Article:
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Friday, November 18, 2011, 09:05 am PT (12:05 pm ET)

George Clooney, Noah Wyle battling to play Steve Jobs in biopic

As Hollywood rushes to make a film on the life of Steve Jobs, two prominent actors — George Clooney and Noah Wyle — are both rumored to be in contention for the lead role.

According to the U.K.'s NOW Magazine, Clooney, 50, is battling with the 40-year-old Wyle for the right to play the Apple co-founder. Filming of the movie is expected to start in 2012.

Both Wyle and Clooney starred on NBC's medical drama "ER" as doctors. The bulk of Clooney's appearances as Dr. Doug Ross came between 1994 and 1999, while Wyle's Dr. John Carter held a lead role from 1994 to 2005.

The rumored inclusion of Wyle is also significant because the actor already played Steve Jobs once, in the 1999 TV movie "Pirates of Silicon Valley," which told the story of the development of the personal computer and the rivalry between Apple and Microsoft. The film also featured Anthony Michael Hall as Bill Gates, and Joey Slotnick as Steve Wozniak.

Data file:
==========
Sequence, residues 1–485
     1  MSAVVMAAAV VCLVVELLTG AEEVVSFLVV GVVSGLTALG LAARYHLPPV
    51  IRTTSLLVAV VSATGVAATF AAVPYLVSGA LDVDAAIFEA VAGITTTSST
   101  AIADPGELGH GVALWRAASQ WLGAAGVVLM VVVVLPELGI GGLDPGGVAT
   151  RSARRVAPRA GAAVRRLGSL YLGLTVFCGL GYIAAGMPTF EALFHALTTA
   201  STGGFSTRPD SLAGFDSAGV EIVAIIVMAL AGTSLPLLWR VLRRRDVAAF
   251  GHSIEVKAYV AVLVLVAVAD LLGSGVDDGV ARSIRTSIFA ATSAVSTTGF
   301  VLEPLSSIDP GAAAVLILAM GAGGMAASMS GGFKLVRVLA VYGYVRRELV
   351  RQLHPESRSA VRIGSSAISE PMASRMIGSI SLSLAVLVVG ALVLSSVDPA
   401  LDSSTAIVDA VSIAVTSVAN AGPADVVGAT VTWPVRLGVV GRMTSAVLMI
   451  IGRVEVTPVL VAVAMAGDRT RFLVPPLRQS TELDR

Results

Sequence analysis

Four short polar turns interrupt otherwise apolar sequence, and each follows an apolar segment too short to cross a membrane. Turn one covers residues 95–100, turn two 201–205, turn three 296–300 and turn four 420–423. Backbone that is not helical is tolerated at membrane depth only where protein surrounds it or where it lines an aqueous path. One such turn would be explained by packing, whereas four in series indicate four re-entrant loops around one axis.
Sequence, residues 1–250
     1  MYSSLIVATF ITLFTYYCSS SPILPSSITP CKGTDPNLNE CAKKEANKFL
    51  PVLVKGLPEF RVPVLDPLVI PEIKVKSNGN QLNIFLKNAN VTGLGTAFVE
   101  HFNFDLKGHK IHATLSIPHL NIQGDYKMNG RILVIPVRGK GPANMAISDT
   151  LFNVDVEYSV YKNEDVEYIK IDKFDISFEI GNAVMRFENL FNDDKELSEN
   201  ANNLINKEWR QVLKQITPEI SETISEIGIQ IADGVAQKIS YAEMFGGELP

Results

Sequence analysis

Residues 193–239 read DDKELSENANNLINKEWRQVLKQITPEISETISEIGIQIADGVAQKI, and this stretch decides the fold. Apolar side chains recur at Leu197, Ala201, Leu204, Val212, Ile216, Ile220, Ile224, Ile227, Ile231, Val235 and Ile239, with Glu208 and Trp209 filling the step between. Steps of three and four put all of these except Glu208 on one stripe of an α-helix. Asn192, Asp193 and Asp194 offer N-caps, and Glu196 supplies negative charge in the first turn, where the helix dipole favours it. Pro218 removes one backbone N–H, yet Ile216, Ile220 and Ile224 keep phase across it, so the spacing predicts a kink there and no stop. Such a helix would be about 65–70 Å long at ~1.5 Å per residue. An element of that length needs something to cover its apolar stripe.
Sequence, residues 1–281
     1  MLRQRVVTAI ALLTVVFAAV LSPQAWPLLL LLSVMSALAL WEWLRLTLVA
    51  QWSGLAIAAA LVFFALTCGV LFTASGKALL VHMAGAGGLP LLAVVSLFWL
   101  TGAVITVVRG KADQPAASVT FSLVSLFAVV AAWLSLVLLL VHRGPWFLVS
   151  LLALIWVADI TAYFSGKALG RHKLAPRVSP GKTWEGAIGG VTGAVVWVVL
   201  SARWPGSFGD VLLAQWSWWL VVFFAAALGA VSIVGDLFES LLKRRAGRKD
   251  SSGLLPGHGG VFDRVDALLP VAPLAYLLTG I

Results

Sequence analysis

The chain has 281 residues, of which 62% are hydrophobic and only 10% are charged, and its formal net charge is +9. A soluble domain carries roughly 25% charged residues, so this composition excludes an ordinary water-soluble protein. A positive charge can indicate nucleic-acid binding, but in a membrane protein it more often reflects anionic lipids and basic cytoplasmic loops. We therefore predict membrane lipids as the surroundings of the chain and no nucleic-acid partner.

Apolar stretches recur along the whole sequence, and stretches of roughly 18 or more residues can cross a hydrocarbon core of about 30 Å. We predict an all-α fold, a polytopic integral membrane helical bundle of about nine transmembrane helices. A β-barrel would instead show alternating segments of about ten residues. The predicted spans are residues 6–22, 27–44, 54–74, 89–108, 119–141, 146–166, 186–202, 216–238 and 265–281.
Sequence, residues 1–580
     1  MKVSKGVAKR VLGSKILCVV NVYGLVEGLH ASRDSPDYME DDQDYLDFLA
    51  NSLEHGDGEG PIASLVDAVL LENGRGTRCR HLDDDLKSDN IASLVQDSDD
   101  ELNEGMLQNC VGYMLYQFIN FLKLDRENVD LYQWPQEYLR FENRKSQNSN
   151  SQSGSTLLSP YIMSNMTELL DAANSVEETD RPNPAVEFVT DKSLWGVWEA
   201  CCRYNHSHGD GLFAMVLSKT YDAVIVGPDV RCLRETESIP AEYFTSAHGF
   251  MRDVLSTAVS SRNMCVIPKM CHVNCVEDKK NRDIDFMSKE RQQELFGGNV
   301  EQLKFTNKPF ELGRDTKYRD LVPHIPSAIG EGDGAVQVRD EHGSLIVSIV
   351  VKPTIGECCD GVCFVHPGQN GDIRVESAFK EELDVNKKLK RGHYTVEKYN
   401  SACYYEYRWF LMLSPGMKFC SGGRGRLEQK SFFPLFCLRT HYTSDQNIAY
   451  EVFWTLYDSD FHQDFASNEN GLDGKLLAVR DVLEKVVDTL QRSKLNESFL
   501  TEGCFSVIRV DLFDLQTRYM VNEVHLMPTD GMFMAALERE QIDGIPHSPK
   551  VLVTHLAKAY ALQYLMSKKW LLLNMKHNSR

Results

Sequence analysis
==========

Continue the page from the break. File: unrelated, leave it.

Quickly after Jobs passed away in October, Sony acquired the rights to the new biography of the Apple co-founder authored by Walter Isaacson. When the book went on sale later that month, it became an instant hit, and is already one of the top-selling titles of 2011.

Jobs

Photos of Noah Wyle and George Clooney from Wikipedia.


Another rumor surrounding the movie cropped up in late October, when it was said that Aaron Sorkin, a screenwriter who won an Academy Award for his work on the film The Social Network, was being pursued by Sony to write the film about Jobs. Sorkin, at the time, was said to be "considering the project," but had not committed.

Sorkin was also behind the films Charlie Wilson's War, The American President, and Moneyball, as well as TV shows including The West Wing and Sports Night. Sorkin also knew Jobs personally, after the Apple CEO unsuccessfully attempted to convince him to write a film for Pixar, the award-winning animation studio Jobs sold to Disney for $7.4 billion in 2006.